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"A little while." A verse for Living-Alongside-Covid young people (& adults) #6

I was praying for our youth group the other day, when those three words popped into my head. I knew they were in the Bible, somewhere, and put them into a search engine. Job? No. Psalms? No. Hebrews? No. 1 Peter a resounding yes!

Here's the whole section which included those words I was thinking about (1 Peter 1.6-7):

"In all this you greatly rejoice, though now for a little while you may have had to suffer grief in all kinds of trials. These have come so that the proven genuineness of your faith—of greater worth than gold, which perishes even though refined by fire—may result in praise, glory and honour when Jesus Christ is revealed."

Have a read of verses 1-12 to get more of a picture of Peter's encouragement to his readers, but what an important verse for these times. Covid has been very painful. Some young people will feel that Covid has ruined their whole life, if not a large section of it: harming exam results, which may have damaged university admission, with a knock-on effect on careers. And what careers will be available, with so many with more experience, out of work and looking for jobs? And yet, Peter holds grief and trials within a much larger framework - eternity.

Easy to say, you might argue, when you're not in a global pandemic. Had Peter experienced anything like this pandemic? Well, he had seen his Lord arrested, tried and executed. His friends Stephen and James had been killed. The early church had been scattered because of persecution. He himself had been arrested and only escaped because of miraculous intervention. Peter wasn't immune to suffering and yet, he can still write, 'In all this, you greatly rejoice, though now for a little while you may have had to suffer grief in all kinds of trials.' He understood the pain of trials, even ones lasting months and years.

In one talk, Francis Chan uses the helpful illustration of holding a long white rope with a short red strip at the end. The rope is our existence, the red strip - our life on earth. You can watch it here: You could push that further now and tie a white band round the red strip - that's the Covid pandemic, probably, but worst-case scenario, a piece of white tape round the red section. Our existence is long and most of it's not going to be in the red strip, never mind the white band, it's in eternity.

Peter writes this in verses 3-4:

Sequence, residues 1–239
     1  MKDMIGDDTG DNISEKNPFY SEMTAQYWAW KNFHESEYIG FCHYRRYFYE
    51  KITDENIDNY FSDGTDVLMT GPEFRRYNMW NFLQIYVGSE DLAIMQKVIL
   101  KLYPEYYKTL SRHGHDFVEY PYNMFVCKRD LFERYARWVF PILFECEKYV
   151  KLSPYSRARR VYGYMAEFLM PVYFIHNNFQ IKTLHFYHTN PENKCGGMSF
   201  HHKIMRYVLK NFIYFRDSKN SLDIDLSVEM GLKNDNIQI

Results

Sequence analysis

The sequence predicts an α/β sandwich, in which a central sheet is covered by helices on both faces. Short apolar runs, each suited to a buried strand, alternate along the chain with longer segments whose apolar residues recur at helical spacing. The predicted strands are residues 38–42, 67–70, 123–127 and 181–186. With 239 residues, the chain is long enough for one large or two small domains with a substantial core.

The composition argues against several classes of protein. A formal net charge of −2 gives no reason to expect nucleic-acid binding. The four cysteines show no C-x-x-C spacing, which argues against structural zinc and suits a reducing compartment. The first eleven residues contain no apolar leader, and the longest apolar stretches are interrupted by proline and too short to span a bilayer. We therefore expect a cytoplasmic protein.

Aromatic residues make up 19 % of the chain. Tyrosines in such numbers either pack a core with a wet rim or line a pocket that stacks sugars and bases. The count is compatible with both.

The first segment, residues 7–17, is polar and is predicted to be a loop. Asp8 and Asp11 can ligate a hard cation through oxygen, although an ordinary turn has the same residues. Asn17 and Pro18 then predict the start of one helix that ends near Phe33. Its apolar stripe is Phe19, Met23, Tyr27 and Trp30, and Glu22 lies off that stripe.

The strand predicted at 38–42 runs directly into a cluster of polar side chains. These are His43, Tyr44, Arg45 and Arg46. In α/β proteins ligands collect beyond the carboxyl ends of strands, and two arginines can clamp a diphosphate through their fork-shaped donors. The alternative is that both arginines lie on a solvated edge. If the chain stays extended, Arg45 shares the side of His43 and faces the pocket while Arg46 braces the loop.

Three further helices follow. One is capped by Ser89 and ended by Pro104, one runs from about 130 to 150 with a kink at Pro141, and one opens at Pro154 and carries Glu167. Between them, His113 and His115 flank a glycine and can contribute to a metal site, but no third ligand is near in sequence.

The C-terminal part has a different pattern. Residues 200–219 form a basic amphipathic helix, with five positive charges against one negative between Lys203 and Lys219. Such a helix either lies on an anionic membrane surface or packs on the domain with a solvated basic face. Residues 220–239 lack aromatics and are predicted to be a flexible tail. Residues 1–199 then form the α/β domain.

"Praise be to the God and Father of our Lord Jesus Christ! In his great mercy he has given us new birth into a living hope through the resurrection of Jesus Christ from the dead, and into an inheritance that can never perish, spoil or fade. This inheritance is kept in heaven for you, who through faith are shielded by God’s power until the coming of the salvation that is ready to be revealed in the last time."

Billions have been wiped off share prices, face-to-face church services have stopped, weddings and holidays have been cancelled, education may have gone online, healthcare systems are under pressure worldwide, businesses have gone under, much-loved relatives may be kept at a distance, and some people have got really sick and tragically died, but Peter still speaks into this time, that we have 'an inheritance that can never perish, spoil or fade.' And it's kept in heaven for us. Until then, while we undergo such trials, Peter writes that, we are 'shielded by God's power.' (v.5).

Covid is horrible. That is certain. And yet, Peter writes that it is only 'for a little while', whether or not the vaccines, which are starting to be rolled out, are effective long-term.

Perhaps most remarkable of all, is how Peter says we should react in these trials - we should rejoice (v.6). Not that what we rejoice about Covid - it's still ugly - but we can be filled 'with an inexpressible and glorious joy' that even in Covid, we are 'receiving the end result of our faith, the salvation of our souls.' (v.9).

Trials like Covid, force us back to relying on God, they show the 'genuineness of our faith' (v.7) and, as we keep hanging on to faith in Jesus in difficult times, they bring 'praise, glory and honour' to Jesus.

In a painful time, God has given us a living hope 'through the resurrection of Jesus Christ from the dead.' Covid is a white band, on a red strip at the end of a very, very, very, very long white rope.


Dave Thornton is author of 'Raising the Bar: Nearly everything you need to know about Christian youth ministry'. Buy the book here.

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Get more ideas and support for your youth ministry with my book: "RAISING THE BAR: Nearly Everything You Need to Know about Christian Youth Ministry."

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